A Chinese government think tank is urging the country’s leaders to start phasing out its one-child policy immediately and allow two children for every family by 2015, a daring proposal to do away with the unpopular policy.
Some demographers see the timeline put forward by the China Development Research Foundation as a bold move by the body, which is close to the central leadership. Others warn that the gradual approach, if implemented, would still be insufficient to help correct the problems that China’s strict birth limits have created.
Xie Meng, a press affairs official with the foundation, said the final version of the report will be released “in a week or two.”
However, state media have been given advance copies. Xinhua news agency said the foundation recommended a two-child policy in some provinces from this year and a nationwide two-child policy by 2015. It proposes all birth limits be dropped by 2020, Xinhua reported.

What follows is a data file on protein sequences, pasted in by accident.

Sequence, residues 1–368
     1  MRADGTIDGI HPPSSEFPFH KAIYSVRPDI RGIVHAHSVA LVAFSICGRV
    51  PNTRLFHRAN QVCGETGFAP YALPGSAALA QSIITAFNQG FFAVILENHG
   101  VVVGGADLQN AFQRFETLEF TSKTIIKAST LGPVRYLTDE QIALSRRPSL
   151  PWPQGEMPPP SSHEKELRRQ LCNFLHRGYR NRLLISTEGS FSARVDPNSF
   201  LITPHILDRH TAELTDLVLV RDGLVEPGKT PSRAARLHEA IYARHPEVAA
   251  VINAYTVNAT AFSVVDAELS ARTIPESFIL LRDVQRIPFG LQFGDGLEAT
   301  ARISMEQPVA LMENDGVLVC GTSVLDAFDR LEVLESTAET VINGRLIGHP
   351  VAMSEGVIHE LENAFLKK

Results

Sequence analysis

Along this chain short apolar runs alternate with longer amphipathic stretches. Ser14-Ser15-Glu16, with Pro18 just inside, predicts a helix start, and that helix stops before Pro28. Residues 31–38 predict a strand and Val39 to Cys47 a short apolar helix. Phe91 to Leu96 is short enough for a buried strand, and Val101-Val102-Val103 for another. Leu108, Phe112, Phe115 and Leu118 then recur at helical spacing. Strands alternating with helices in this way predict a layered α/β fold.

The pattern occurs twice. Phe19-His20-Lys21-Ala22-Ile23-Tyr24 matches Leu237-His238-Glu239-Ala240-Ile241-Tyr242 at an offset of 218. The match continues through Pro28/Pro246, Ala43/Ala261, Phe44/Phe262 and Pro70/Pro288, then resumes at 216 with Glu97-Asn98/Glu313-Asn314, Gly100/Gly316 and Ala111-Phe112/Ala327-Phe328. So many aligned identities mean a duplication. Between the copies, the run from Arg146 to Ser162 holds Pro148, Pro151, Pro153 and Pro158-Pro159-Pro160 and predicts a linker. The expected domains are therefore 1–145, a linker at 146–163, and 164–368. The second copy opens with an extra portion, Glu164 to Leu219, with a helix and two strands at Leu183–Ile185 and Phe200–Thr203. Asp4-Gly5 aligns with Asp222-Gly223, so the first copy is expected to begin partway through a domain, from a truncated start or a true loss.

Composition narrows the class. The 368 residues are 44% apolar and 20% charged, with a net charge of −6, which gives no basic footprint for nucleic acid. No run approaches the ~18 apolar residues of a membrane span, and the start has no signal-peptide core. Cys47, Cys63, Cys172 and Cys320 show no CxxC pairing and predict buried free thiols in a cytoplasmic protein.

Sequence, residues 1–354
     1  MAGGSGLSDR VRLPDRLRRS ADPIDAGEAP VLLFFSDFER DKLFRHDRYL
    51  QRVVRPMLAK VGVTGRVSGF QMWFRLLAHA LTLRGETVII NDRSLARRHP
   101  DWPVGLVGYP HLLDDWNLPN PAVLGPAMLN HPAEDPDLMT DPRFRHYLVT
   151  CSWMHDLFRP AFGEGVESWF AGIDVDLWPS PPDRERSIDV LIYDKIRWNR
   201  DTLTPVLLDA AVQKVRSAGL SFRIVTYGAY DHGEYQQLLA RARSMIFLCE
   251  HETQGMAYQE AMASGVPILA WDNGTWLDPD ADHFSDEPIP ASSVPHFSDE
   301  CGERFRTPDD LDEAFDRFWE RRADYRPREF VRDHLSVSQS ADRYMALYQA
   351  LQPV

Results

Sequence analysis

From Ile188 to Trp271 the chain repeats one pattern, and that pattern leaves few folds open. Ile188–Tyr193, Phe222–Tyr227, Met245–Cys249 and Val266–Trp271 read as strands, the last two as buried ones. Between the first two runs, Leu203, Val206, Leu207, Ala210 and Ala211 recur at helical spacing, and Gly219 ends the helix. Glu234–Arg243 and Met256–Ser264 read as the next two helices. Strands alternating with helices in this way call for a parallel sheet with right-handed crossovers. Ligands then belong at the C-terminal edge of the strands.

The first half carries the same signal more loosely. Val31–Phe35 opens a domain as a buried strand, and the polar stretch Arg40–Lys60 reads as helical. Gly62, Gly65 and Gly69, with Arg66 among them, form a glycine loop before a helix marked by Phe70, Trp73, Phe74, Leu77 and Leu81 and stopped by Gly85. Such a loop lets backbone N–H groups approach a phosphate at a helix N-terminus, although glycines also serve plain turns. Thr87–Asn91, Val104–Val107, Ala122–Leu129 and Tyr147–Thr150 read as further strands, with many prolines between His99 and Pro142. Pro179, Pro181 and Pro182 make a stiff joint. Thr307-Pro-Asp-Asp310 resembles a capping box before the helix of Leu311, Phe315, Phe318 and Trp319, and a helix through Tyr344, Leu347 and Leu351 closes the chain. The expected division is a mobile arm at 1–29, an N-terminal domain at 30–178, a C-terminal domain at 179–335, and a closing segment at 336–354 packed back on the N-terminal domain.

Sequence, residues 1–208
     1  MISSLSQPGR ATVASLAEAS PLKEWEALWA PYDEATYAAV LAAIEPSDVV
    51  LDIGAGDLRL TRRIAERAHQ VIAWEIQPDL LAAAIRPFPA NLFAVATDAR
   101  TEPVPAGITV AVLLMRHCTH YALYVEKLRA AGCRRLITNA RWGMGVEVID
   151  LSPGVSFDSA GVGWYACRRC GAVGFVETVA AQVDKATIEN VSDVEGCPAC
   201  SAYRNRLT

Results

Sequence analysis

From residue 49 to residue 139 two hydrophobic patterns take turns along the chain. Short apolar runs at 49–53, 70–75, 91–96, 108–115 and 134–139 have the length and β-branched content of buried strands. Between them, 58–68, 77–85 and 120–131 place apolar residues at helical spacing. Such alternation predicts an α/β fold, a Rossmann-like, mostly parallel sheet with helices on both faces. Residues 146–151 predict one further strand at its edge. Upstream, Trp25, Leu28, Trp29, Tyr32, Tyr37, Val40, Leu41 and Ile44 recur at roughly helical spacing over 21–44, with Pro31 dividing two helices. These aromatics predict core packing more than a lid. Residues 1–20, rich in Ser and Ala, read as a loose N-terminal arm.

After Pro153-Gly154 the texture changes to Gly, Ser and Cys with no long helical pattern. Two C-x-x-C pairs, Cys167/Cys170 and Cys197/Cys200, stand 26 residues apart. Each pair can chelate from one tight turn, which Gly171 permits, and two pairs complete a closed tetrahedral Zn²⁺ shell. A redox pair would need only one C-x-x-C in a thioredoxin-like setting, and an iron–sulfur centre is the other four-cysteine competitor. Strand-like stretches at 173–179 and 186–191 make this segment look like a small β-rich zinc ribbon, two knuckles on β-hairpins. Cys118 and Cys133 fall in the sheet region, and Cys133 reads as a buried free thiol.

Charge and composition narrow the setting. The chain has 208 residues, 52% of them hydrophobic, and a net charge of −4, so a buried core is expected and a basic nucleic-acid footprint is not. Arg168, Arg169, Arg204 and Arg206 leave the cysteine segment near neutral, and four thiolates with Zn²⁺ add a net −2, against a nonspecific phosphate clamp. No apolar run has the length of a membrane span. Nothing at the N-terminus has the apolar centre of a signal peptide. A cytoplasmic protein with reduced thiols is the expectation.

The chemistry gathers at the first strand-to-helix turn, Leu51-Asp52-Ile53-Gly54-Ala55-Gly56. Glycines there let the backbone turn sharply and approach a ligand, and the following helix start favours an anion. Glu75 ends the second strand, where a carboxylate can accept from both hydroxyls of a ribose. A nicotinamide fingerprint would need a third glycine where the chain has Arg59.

“China has paid a huge political and social cost for the policy, as it has resulted in social conflict, high administrative costs and led indirectly to a long-term gender imbalance at birth,” Xinhua said, citing the report.
However, it remains unclear whether Chinese leaders are ready to take up the recommendations. China’s National Population and Family Planning Commission had no immediate comment.
Known to many as the “one-child policy,” China’s actual rules are more complicated. The government limits most urban couples to one child and allows two children for rural families if their first-born is a girl. There are numerous other exceptions as well.
Cai Yong (蔡泳), an assistant professor of sociology at the University of North Carolina, Chapel Hill, said the report held extra weight because the think tank is under the State Council. He said it was remarkable that state-backed demographers were willing to publicly propose such a detailed schedule.
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